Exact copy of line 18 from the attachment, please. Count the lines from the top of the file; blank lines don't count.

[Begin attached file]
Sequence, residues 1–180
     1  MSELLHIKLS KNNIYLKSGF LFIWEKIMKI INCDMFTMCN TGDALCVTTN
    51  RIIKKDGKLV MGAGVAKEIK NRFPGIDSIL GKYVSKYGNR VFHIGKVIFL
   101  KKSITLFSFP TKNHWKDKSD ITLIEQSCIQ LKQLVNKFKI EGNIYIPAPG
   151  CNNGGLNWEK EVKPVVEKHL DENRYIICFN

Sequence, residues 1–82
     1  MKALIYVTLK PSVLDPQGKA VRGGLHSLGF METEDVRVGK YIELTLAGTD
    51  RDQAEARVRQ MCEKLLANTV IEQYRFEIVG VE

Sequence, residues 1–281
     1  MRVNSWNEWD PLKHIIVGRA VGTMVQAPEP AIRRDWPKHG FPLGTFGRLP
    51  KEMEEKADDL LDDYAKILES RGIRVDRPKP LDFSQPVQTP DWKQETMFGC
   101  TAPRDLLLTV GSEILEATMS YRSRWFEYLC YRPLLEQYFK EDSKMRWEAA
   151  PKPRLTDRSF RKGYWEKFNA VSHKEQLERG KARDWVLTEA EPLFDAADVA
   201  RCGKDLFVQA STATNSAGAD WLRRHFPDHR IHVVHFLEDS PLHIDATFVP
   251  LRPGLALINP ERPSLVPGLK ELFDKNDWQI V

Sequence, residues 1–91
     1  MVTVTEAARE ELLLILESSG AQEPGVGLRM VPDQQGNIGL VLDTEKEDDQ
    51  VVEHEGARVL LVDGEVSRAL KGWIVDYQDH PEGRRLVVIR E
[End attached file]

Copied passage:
    51  VVEHEGARVL LVDGEVSRAL KGWIVDYQDH PEGRRLVVIR E